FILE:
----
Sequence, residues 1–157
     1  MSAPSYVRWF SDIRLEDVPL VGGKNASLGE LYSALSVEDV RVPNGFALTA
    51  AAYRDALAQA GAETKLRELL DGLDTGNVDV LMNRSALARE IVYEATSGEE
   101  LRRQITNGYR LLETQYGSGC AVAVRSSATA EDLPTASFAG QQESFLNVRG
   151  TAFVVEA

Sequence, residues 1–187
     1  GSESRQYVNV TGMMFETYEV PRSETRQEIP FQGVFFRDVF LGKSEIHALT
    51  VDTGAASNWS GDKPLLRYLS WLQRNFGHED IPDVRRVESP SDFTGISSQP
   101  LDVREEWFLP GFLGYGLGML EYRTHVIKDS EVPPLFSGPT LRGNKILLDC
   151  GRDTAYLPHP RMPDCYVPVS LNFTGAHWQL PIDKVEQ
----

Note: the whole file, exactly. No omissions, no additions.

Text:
Sequence, residues 1–157
     1  MSAPSYVRWF SDIRLEDVPL VGGKNASLGE LYSALSVEDV RVPNGFALTA
    51  AAYRDALAQA GAETKLRELL DGLDTGNVDV LMNRSALARE IVYEATSGEE
   101  LRRQITNGYR LLETQYGSGC AVAVRSSATA EDLPTASFAG QQESFLNVRG
   151  TAFVVEA

Sequence, residues 1–187
     1  GSESRQYVNV TGMMFETYEV PRSETRQEIP FQGVFFRDVF LGKSEIHALT
    51  VDTGAASNWS GDKPLLRYLS WLQRNFGHED IPDVRRVESP SDFTGISSQP
   101  LDVREEWFLP GFLGYGLGML EYRTHVIKDS EVPPLFSGPT LRGNKILLDC
   151  GRDTAYLPHP RMPDCYVPVS LNFTGAHWQL PIDKVEQ